How to build a Log Rail Slide

Posted on 09/09/2009 by Caleb

Currently in board sports more and more riders are straying away from specifically designed freestyle features and are instead starting to hit urban, industrial and even natural obstacles that are found if you look around hard enough. I'm a big fan of this as it usually produces a different style of riding and looking at what is possible to do. Also it's cheap.

Here's a quick and cheap way to get a primo rail set-up in your local woods. No welding, no concrete, and can be disguised as a bench :)

First go and find yourself a good strong and straight log. if your not sure where to look ask your local tree surgeon.

Log rail

This one is a little over 3m, a bit gnarly underneath, but sound on top. Had to saw a few branches off and peel a wee bit of bark away.

Take some legs (I made mine from half rounds, but thick and solid branches will do). I went for 3, long enough to bury about 40cm into the ground and about 30-40cm above. Take the longest nails you can get your hands on (I used to recycle all the ones I'd pull out of palettes when salvaging the wood, I now tend to just bulk buy a big box full from blacks (a screw and nail specialist).  Bang them nails from the bottom of the leg into the bottom of the rail at a steep angle, about 7 or 8 should stabilise the leg.

Now meassure roughly a slightly thiner branch coming 45 degrees from the bottom of the rail to the level where the leg will be burried, cut the ends at 45 degrees rather than straight. Nail this in place to brace the leg against the rail. Probably best to nail to the leg first and then the rail to be sure you have a good 90 degree angle on the leg. The more nails in these the more stable your legs.

Log rail

Then at the bottom of each leg nail a small piece of wood, 40-50cm, going across and making a  "T" shape. Lots of nails again to prevent movement. These should stop the rail wobbling from side to side and avoid the use of side buttress braces that can catch when your grinding.

Get your rail upside down over where you plan to plant it so you can get an idea where to dig. Be thinking of how much run up and speed you will need, how much space you will need if your gonna be able to approach from either side for boardslides (the rail pictured will eventually have a 2m wide dirt kicker to give loads of approach lines).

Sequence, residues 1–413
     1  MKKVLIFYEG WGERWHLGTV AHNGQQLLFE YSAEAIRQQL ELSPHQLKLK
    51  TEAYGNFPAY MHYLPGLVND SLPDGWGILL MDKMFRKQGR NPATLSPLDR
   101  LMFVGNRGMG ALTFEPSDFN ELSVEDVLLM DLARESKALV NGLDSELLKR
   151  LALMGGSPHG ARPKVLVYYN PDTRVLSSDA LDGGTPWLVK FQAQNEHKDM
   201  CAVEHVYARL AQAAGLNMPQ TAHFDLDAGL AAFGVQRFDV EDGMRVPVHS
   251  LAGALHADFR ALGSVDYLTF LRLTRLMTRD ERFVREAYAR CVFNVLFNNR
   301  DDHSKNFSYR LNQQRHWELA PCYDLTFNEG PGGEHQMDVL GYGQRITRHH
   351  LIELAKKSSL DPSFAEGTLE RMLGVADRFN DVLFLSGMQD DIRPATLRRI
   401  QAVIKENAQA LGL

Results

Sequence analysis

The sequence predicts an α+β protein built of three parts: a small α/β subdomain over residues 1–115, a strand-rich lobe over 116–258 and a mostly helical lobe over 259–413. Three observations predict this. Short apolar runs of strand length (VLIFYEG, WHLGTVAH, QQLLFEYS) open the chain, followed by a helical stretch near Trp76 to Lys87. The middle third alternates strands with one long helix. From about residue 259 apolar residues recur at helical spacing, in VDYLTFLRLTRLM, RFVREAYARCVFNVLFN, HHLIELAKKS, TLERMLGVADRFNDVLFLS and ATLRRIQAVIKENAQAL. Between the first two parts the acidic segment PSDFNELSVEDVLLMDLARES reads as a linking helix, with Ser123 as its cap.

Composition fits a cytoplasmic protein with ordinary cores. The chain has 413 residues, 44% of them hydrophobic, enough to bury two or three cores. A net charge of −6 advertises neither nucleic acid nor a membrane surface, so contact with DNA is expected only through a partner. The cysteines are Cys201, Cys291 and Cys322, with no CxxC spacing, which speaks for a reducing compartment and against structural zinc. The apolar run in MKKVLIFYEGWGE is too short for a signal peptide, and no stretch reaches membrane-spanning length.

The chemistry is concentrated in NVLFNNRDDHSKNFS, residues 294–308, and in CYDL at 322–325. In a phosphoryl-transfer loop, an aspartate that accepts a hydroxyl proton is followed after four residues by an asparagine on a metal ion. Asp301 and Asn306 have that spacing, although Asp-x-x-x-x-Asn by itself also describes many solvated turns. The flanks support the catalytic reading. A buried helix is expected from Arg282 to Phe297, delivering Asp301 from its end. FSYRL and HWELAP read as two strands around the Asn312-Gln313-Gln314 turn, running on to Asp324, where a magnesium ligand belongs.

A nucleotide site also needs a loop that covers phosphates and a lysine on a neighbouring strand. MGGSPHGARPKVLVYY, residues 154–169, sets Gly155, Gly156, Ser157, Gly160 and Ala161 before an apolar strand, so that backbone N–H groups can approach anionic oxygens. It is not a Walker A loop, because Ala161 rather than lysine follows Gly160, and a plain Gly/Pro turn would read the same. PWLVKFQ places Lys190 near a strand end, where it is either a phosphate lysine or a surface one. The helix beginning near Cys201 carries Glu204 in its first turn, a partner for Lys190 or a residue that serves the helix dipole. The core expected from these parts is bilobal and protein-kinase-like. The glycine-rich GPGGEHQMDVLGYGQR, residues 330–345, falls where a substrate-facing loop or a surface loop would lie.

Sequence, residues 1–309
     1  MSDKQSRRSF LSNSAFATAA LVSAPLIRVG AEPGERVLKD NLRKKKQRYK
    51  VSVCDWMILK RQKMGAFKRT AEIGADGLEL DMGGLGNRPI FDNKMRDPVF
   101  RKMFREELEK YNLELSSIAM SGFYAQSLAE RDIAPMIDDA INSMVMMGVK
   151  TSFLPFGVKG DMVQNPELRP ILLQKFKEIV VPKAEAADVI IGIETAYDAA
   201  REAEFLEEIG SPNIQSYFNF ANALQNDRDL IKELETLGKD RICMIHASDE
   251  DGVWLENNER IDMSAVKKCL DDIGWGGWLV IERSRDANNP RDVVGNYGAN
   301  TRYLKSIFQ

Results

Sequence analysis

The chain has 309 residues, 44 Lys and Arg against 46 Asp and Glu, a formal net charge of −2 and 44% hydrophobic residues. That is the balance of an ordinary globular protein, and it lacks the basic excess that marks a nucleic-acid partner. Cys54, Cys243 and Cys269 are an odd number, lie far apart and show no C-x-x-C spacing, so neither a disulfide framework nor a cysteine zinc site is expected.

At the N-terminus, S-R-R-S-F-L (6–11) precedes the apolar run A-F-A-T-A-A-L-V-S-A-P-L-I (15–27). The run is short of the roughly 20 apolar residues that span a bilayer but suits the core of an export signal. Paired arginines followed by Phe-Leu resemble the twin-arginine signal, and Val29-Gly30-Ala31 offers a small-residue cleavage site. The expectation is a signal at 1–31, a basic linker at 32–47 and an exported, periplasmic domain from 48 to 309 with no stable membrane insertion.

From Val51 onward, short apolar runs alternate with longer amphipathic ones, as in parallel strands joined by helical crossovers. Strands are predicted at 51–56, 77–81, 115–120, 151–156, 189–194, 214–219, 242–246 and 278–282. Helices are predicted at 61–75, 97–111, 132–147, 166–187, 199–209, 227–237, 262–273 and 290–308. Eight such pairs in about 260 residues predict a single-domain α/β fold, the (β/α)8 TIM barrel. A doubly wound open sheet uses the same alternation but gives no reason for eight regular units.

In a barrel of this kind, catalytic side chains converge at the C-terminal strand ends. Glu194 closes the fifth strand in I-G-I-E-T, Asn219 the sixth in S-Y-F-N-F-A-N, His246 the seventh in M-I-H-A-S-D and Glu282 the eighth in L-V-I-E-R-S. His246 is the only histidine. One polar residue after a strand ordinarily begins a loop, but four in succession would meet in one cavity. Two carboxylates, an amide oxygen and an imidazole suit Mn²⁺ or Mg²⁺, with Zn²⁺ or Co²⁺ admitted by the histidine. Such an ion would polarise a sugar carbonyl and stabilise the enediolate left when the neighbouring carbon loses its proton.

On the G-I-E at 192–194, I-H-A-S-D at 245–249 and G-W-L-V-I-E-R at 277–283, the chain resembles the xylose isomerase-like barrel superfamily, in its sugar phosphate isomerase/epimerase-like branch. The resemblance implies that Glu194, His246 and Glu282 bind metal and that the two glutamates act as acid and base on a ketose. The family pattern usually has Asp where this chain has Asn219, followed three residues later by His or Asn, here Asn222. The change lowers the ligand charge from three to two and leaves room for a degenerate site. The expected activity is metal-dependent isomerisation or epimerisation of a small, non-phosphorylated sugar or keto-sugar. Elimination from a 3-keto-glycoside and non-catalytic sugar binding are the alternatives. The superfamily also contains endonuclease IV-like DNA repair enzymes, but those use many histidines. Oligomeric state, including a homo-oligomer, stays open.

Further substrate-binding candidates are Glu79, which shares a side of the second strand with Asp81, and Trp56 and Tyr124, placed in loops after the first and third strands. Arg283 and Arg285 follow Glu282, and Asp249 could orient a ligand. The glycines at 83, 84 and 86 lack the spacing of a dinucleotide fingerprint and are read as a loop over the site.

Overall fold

Most people agree its more fun to jump onto a rail than just ride onto it so have your kicker a little lower than your rail. Also think of the angle you want your rail to sit at, being wood its a good idea to have a gentle decline so you keep the speed all the way along the rail. But too steep and it all gets a bit fast and intense!

Log rail

Now start digging. About 40cm down for this size rail, deeper if taller / heavier, and wide enough to take the cross piece as well. Sit your rail in the hole, and support it upright with something. Now's the most important bit: fine tuning. If your rail leans to one side, you will most likely slide that way and it sucks. If your rail is too tall dig deeper. I find this is a good time to walk in a big circle all the way round the feature and decide if you've got it right.

Having decided its perfect, start putting that dirt back, compacting it as you go to stop any movement. Can be a good idea to wet the backfill a LITTLE to make a mud mix that will harden up nicely when the water evaporates. Try and get some mulch or forest grass or whatever and plant it round the feet, this will help to camouflage the rail a wee bit, makes it more aesthetic and less of a vandalism target to any pillocks who might have nothing better to do.

Log rail

The beauty of this method is its very cheap and adaptable. If you want a down / straight / down 12m rail you'd normally have to pay a fortune to get it, but this way you can build it almost free and it only takes a day and a bit of imagination. C rails, S rails, rails over ponds, it's all down to finding the right piece of wood.

This rail still needs to have the top planed and waxed, so i will update this 'how to' once I get her finished. if you decide to build one yourself, send a few photos to us so we can see how you got on :)